Friday, May 14, 2010

The Latest Childhood Obesity Stats: A Grim Picture

Some recent studies of overweight and obesity among American kids have just been released, and they do not make for reassuring reading. The major one, conducted by the U.S. Department of Health and Human Services and published just last week, found the following:

* The rate of childhood obesity in the U.S. has more than tripled in the past 30 years, and that’s across the board with regard to age, gender, race, ethnic background and socioeconomic status.
* The childhood obesity rate does vary widely, however, by geographical region, although with a few anomalies. The Southeast is home to the highest proportion of obese kids, with Mississippi leading the nation in rates of childhood overweight (44.5 percent) and obesity (21.9 percent). Kids in Georgia, Kentucky, Tennessee and West Virginia were twice as likely to be obese as those in Oregon. Then again, so were kids in Kansas and Illinois.
* Western region kids were, overall, the slenderest, Oregon having the fewest obese children at 9.6 percent, and Utah the fewest overweight kids at 23.1 percent. But even as the childhood obesity rate fell by 32 percent in Oregon between 2003 and 2007, it rose by more than 40 percent in Arizona and Colorado.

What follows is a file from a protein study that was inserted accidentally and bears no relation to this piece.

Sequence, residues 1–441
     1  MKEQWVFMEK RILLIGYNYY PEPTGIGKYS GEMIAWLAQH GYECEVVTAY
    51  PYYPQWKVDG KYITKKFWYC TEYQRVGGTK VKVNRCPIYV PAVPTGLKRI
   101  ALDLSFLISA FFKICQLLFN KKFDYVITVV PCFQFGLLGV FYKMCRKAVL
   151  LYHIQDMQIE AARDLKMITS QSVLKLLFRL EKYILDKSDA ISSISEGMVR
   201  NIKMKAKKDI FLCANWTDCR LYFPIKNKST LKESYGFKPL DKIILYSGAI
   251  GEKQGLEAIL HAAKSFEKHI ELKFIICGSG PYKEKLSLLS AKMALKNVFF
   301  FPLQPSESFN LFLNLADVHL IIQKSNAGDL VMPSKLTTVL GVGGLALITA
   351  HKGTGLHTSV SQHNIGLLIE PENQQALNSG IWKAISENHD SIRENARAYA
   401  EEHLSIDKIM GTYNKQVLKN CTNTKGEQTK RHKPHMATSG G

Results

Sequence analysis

* Nationwide over that four-year period, obesity among all Americans aged 10 to 17 increased by 10 percent and among girls by 18 percent.
* A separate study of American children ages 2 to 19, published in the Journal of Pediatrics in March, found that 7.3 percent of boys and 5.5 percent of girls are now “extremely obese.” That’s right: extremely.

The HHS researchers came to the usual conclusions regarding the childhood obesity crisis, one of their primary recommendations being that neighborhoods provide more access to physical activities for young people, such as hiking/jogging trails, bike paths, playgrounds and recreational facilities.

All well and good, but left unanswered is the question of how to get the young people to take advantage of these facilities. And therein may lie a more serious generational problem. In the words of one Georgia high school teacher who tried to involve his students in a physical fitness plan, “At first they didn’t want to do it. They just don’t like exercise. A lot of them don’t even enjoy being outdoors.”

If he’s right, what we’ve got here is even worse than an obesity crisis. It’s a waste of childhood.


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